It is just a needlepoint cushion. But the ten most difficult months of my life, and many memories — good, and bad, and some associated with my wonderful Grandma that I didn’t even know I had — are stitched all the way through it. I think my Ma will like it.

60 thoughts on “fuschias

  1. What a year, Kate! But what a wonderful, positive outlook you’ve had (most of the time – but we’ll allow you the odd slip). I’m sure your Ma will love it! Have a wonderful Christmas. Sending you all the best for 2011.

  2. I have some knitted objects with similar stories (though not in such difficult circumstances). My particular favourite was the cardigan knit in the time when I was doing the final push for finishing my masters dissertation. It was the only respite I got from my computer those days and there was a lot of anguish and stress knitted into every stitch. One might think that would make me dislike the cardigan in the end, but now I take it as a symbol of a difficult time that I got through, and wear it with pride.

  3. Lovely story and lovely cushion, Kate.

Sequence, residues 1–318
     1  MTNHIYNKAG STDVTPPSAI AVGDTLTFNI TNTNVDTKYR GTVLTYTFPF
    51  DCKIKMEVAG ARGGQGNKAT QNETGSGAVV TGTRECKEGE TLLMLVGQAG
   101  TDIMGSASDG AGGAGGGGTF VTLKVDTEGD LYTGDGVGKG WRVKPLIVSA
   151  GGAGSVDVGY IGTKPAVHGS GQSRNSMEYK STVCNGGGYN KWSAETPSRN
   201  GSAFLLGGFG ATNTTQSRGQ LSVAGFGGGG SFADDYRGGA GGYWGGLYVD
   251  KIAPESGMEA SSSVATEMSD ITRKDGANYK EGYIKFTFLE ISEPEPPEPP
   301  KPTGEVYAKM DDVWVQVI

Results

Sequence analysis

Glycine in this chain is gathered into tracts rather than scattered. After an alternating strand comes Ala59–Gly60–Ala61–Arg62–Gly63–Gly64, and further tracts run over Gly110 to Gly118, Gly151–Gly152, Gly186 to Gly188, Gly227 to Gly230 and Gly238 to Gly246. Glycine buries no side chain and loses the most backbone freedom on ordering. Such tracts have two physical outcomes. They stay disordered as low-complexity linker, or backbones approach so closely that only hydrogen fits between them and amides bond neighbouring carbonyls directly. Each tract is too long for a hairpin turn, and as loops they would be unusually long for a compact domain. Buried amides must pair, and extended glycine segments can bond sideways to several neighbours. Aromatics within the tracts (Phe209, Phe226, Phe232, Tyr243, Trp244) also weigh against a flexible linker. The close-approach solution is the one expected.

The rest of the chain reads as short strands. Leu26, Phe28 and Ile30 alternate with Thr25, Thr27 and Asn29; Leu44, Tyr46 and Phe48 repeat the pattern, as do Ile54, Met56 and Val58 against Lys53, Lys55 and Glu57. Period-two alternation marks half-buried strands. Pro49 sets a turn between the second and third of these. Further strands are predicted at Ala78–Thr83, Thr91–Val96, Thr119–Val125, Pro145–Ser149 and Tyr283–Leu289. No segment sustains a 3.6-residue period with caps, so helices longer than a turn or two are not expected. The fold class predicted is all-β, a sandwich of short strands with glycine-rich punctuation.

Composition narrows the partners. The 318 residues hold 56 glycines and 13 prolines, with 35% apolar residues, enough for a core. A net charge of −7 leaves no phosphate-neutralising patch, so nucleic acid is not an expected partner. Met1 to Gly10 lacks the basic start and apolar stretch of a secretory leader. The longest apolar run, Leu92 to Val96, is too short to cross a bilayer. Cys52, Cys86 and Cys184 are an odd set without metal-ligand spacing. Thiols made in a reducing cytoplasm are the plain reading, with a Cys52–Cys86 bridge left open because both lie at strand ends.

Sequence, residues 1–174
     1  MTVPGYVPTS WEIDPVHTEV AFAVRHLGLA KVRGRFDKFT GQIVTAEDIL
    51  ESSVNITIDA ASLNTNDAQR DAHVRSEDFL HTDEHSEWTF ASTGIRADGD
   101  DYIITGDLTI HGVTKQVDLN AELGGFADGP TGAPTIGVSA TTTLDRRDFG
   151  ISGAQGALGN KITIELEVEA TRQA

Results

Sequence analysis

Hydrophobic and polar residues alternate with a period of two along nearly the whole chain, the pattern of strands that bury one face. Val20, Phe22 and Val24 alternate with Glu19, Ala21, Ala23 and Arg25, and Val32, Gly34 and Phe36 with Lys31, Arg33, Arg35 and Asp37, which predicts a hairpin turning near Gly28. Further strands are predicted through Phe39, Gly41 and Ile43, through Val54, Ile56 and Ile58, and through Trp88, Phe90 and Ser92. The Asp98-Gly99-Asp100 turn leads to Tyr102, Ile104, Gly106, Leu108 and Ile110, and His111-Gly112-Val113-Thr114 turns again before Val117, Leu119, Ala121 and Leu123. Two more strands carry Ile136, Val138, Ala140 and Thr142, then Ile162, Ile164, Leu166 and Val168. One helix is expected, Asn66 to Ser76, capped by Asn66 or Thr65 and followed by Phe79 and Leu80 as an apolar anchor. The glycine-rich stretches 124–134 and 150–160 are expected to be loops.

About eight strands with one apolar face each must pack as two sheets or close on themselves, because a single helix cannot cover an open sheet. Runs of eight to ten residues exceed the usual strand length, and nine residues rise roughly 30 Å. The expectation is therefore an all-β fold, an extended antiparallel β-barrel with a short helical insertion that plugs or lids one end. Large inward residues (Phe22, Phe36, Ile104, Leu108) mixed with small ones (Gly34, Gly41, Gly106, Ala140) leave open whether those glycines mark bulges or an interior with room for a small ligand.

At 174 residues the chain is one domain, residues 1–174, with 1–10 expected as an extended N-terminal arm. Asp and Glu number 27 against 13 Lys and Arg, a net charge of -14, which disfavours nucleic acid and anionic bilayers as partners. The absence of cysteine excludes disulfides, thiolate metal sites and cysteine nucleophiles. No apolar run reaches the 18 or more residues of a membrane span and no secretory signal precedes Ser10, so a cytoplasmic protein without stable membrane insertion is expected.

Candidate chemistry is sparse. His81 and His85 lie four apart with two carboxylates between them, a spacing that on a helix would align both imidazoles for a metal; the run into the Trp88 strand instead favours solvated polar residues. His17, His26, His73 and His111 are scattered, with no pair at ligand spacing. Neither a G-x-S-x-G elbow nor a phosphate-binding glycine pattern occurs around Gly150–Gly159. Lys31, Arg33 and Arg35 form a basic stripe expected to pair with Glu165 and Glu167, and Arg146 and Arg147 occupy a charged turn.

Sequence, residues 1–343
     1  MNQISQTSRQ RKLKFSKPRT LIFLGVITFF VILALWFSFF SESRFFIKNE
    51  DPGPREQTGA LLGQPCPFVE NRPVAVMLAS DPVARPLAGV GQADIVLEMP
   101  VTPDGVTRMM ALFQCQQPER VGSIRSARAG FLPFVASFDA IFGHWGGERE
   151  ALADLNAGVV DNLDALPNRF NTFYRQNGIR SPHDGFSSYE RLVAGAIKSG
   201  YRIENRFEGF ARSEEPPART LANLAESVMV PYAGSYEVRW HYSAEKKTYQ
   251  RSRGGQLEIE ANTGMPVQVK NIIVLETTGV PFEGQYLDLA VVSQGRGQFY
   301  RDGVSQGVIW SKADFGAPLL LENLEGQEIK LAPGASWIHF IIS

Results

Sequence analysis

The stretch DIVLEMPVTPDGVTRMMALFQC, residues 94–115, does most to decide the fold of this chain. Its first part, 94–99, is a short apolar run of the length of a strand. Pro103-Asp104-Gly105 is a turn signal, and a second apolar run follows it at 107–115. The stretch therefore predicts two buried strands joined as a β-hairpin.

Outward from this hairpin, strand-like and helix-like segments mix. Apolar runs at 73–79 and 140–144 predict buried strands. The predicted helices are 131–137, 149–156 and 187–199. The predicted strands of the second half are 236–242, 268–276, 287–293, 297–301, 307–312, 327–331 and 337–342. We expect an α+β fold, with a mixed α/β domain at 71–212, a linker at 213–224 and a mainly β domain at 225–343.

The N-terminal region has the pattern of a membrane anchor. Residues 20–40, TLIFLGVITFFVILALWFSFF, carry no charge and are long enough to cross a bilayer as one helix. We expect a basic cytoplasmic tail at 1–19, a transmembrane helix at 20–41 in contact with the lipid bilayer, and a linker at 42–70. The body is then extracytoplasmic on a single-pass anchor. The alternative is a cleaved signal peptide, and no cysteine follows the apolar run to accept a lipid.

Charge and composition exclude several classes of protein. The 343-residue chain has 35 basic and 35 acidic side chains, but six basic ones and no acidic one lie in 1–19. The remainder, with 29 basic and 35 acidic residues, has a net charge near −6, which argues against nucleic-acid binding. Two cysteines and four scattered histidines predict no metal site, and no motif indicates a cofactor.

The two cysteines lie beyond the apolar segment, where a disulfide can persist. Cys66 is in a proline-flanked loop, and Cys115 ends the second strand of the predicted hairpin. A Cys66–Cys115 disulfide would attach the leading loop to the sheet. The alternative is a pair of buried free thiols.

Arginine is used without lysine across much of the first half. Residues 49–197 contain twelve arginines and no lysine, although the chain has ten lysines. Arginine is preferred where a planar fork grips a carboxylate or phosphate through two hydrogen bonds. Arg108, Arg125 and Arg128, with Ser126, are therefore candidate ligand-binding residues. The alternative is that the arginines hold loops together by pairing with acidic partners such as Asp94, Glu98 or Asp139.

Where on earth did you find a needle point kit?! Such things are scarce as hen’s teeth around here and I live in a metropolitan area! Must have been an online purchase?

  4. As a mom I can assure you that your Ma will absolutely positively love and cherish this present( and the recover progress that you have made this year will be her other best present).
    Merry X-mas to you and your family

  5. What a touching story. I have always loved needplepoint and have several UFO’s around. Knitting and crocheting have taken over, but it’s nice to have a go-to project. That fuschia pillow holds alot of love and endurance.

  6. I imagine your Mum has had some tough moments this year too and I can’t think of anything more lovely than a gift that speaks so clearly of her daughter’s progress and determination.